The Royal Palace of Westminster

Edward the Confessor built the first Palace of Westminster on this site in 1049. After Edward's death, William the Conqueror took possession. The Houses of Parliament was a Royal Palace, occupied by kings, from Edward the Confessor to Henry VIII . In 1512 the Palace was damaged by a fire, and ceased to be a royal residence but remained nonetheless the administrative centre of the kingdom.

Westminster Hall is the oldest surviving part of the building, built in 1097 by William Rufus. The roof of the Hall was damaged by fire in 1941.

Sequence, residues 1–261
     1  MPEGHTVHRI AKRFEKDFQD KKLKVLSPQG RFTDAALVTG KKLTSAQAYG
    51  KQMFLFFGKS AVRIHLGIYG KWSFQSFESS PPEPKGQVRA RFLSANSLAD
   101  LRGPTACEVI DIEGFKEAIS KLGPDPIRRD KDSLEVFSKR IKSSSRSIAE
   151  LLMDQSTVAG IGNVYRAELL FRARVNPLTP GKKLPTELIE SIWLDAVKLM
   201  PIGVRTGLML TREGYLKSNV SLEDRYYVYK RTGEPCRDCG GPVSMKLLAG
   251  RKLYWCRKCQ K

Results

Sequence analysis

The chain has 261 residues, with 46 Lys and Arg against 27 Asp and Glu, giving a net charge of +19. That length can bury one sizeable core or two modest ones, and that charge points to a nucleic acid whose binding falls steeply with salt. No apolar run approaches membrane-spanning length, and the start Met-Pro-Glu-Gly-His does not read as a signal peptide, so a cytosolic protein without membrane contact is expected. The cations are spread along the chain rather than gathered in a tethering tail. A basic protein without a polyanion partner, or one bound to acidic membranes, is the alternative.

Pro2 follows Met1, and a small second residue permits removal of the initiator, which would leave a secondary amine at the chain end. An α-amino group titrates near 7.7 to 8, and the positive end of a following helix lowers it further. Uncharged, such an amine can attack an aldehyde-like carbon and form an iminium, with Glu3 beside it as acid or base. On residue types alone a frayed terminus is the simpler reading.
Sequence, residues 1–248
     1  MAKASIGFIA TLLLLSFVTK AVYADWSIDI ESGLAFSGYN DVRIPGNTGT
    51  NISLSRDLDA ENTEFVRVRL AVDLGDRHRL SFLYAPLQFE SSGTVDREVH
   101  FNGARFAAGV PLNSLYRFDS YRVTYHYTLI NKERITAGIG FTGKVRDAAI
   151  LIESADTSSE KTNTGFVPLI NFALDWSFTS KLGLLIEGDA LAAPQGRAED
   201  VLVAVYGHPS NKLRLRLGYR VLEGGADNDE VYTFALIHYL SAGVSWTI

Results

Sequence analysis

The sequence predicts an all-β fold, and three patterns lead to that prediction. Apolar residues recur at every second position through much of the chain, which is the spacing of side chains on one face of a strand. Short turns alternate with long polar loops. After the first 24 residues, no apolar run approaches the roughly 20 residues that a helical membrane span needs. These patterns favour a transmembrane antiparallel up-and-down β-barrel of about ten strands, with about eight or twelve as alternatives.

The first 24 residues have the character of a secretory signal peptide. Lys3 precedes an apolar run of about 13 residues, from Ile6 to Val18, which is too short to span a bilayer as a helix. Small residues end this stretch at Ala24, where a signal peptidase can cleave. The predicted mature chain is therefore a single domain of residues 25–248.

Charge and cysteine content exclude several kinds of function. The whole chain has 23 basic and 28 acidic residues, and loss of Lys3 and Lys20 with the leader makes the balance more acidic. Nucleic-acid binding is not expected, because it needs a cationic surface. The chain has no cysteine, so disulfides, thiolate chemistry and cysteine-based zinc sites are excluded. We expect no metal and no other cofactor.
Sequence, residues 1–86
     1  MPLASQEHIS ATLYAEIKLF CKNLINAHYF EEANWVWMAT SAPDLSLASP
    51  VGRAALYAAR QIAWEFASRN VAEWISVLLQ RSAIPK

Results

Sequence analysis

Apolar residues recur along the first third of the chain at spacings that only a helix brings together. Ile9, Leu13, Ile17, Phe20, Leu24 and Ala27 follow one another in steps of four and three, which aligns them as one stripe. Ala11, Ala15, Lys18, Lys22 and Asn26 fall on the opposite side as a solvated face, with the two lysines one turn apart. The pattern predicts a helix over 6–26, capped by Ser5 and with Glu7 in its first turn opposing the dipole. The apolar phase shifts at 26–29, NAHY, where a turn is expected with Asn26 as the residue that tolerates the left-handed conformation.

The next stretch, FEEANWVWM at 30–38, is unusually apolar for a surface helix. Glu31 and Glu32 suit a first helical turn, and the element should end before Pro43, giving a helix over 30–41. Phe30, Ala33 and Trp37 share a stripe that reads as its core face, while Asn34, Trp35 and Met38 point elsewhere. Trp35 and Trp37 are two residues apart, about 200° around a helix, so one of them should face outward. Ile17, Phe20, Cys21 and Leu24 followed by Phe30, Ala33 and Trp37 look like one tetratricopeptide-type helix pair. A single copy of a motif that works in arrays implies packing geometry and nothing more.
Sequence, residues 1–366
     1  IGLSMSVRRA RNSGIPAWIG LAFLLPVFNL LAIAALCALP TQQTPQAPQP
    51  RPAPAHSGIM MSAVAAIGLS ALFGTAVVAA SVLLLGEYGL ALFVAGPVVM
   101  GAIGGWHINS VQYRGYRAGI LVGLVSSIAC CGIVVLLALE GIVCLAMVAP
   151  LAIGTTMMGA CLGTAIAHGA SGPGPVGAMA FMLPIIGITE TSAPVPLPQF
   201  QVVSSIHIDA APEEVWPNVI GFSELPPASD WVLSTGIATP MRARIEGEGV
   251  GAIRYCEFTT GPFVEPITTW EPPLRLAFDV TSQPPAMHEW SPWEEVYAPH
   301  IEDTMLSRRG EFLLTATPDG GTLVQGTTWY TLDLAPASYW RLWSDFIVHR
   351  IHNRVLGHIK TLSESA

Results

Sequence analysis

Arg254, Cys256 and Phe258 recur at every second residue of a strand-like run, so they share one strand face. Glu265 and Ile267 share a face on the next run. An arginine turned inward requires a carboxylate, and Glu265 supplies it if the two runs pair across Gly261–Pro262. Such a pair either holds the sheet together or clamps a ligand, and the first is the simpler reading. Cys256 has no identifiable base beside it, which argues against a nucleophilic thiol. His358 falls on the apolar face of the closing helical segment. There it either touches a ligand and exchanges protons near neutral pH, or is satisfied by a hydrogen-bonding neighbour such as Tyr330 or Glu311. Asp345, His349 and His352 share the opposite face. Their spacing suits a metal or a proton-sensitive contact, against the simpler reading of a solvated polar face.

The palace building is constructed of limestone and has an iron roof. It has 1,100 rooms, 100 staircases, 2 miles of corridors and covers 8 acres of land. The most famous features of the Palace are the towers. Victoria Tower at one end, stands at 336 feet and St. Stephen's Tower, known as The Clock Tower rises 320 feet. The bell (Big Ben) weighs 13 tons and the clock, still wound by hand, has minute hands that are 14 feet long.

For more on Westminster Palace see "A Guide to Westminster Palace"

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